WASHINGTON – Four leaders of the Senate Homeland Security and Governmental Affairs Committee (HSGAC) Thursday hailed the Fiscal Year 2010 Department of Defense authorization conference report for containing several provisions to ensure that federal retirement system participants are treated fairly.
Committee Chairman Joe Lieberman, ID-Conn., and Ranking Member Susan Collins, R-Me., along with Subcommittee on Oversight of Government Management, the Federal Workforce, and the District of Columbia Chairman Daniel Akaka, D-Hawaii, and Ranking Member George Voinovich, R-Ohio, said these provisions will help agencies rehire experienced employees just as the federal government prepares to lose one-third of its civil service workforce over the next five years.
“A number of provisions in the DoD authorization conference agreement would bring justice to federal employees who – because of quirks in the law, errors, and oversight – have lost out on retirement benefits for which they would otherwise be eligible,” Lieberman said. “Federal employees are a dedicated group of people who are asked to make a number of sacrifices for the sake of their country. These provisions will ensure justice for hundreds of thousands of public servants.”
Collins said: “I am delighted that this legislation includes our provision that would provide federal agencies with the needed flexibility to bring retirees’ experience back into the federal workforce for a limited time. Nearly 5,400 federal retirees have returned to work on a full-time basis—demonstrating the importance of these experience employees to federal operations. This is vital as the federal government loses many of its skilled, experienced, senior employees.”
Akaka said: “I am pleased my fellow Armed Services conferees agreed to include critical retirement equity provisions in the NDAA. In particular, this bill will correct a long-standing inequity in retirement pay between Federal workers in Hawaii, Alaska, and the Territories and their mainland counterparts. These employees would have begun losing pay this year if Congress did not act. I am also pleased that the NDAA will end the shortsighted NSPS policy which threatened the rights and protections of the DoD civilian workforce.”
The provisions – three of which were reported out of HSGAC as stand-alone legislation and all of which are similar to provisions included in unsuccessful Senate amendments to the Family Smoking Prevention and Tobacco Control Act in June and to the National Defense Authorization Act in July – would:
• Replace the cost of living increases that federal employees in Hawaii, Alaska, and U.S. territories receive with locality pay that federal employees in the contiguous 48 states receive. COLAS are neither taxed nor applied toward retirement benefits. Locality pay is taxed and applies to retirement. This provision was approved by HSGAC as S.507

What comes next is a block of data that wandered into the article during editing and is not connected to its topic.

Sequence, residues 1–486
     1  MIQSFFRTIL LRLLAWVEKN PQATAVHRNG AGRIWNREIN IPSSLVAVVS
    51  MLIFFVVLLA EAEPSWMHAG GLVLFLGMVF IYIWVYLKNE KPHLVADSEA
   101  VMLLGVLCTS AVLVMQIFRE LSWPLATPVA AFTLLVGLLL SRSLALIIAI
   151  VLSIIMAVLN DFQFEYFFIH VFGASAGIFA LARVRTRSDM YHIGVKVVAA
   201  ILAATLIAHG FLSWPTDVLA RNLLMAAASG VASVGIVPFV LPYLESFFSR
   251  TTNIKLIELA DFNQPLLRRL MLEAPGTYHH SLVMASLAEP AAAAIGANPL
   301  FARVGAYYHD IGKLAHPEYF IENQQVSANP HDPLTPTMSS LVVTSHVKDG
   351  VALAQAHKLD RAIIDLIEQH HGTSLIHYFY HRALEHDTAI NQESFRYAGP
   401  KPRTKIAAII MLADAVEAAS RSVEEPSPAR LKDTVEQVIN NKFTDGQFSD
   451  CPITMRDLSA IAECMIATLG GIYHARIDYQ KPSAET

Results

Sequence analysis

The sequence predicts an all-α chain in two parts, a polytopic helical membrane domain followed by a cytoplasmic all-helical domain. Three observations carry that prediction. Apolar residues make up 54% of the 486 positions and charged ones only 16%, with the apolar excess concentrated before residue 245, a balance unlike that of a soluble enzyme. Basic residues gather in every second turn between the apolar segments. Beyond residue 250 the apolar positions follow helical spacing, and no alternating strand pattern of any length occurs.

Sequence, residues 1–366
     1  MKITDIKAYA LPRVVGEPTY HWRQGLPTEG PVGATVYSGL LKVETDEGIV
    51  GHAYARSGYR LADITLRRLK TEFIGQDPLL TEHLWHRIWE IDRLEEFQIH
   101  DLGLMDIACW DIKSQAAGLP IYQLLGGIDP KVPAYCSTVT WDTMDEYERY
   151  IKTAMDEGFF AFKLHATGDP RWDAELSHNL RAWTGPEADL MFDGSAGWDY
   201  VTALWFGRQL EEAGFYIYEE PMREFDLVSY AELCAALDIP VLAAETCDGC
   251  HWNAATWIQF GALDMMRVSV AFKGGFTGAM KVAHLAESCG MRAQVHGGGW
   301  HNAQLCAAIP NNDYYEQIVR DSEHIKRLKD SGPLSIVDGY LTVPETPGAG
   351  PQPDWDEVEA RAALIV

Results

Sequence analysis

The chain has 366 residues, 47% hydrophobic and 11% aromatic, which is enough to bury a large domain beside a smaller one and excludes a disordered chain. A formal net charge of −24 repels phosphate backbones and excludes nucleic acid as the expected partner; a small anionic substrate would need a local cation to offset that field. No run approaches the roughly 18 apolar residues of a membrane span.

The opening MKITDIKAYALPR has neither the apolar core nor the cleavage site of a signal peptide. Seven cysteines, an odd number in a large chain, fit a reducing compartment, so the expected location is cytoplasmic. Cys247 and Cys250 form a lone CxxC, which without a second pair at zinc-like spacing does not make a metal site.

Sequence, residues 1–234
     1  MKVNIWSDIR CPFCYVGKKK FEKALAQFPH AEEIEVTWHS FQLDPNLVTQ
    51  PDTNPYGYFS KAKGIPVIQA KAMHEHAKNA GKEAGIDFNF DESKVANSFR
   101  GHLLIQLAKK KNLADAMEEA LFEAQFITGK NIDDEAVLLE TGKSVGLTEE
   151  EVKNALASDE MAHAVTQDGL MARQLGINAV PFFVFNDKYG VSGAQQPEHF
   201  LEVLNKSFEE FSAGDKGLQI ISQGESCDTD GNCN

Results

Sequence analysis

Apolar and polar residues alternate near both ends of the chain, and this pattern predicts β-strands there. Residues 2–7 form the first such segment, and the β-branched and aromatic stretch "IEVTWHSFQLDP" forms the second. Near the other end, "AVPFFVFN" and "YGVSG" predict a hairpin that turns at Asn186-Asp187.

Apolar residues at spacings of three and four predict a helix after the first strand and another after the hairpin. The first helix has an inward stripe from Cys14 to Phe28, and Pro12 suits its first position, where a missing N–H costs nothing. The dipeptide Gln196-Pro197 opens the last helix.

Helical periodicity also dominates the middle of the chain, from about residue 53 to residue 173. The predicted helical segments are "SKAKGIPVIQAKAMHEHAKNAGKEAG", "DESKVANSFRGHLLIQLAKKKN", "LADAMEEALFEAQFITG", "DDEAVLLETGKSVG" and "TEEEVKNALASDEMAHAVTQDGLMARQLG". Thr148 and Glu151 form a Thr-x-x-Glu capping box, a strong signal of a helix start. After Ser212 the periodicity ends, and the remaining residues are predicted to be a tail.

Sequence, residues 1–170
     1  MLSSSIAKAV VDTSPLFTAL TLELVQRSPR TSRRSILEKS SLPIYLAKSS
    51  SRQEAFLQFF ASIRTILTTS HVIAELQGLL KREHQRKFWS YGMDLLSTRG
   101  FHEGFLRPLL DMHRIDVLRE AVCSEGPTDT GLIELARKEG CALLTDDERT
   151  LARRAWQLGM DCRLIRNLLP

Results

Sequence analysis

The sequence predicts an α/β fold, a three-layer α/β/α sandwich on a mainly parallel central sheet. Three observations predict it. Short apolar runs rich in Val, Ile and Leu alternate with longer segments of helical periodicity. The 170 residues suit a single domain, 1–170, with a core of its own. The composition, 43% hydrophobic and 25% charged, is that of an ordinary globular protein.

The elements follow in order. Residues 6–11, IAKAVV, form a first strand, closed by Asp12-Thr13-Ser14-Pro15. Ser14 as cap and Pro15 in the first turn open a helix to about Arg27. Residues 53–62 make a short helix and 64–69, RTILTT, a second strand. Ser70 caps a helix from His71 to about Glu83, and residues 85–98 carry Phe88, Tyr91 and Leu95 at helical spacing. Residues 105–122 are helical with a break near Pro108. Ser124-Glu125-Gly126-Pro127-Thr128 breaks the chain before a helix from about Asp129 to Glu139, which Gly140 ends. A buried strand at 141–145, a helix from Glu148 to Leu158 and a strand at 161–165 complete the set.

• Allow federal employees participating in the Federal Employee Retirement System (FERS) to apply their unused sick leave to their length of service for the purposes of computing the amount of retirement benefit. Federal employees under the older Civil Service Retirement System (CSRS) are already allowed to do so. This would bring equity to the two groups of employees and help reduce the absenteeism that results from the current “use it or lose it” FERS policy.
• Correct an injustice in calculating the retirement benefits and dates for non-judicial employees of the D.C. courts system. When these employees were converted to federal employees in the late 1990s, they had to start over in accumulating eligibility for retirement and retirement benefits. The provision would direct that the time served before these employees became federal employees counts towards their federal retirement eligibility.
• Allow former federal employees under the FERS who withdrew their contributions to the retirement trust fund, thereby waiving retirement credit for those years of service, to redeposit their earlier contributions, plus interest, upon reemployment with the federal government.
• Remove a retirement penalty that is imposed on long-time federal employees who choose to switch to part-time work at the end of their careers. The retirement annuity for these employees is determined based on the amount of salary they receive, which drops when they switch to part-time work. This leaves employees with little incentive to stay in a part-time role and many retire. The provision would direct annuities for these employees to be determined using the rate of salary, not the amount. This provision was approved by HSGAC as S.469.
• Authorize federal agencies to reemploy retired federal employees under certain limited conditions, without offset of an employees’ annuity against their salary, and requires the Comptroller General to report on the use of this authority. This provision was approved by HSGAC as S.629.
The DoD conference report must still be approved by both the House and Senate and signed by the President.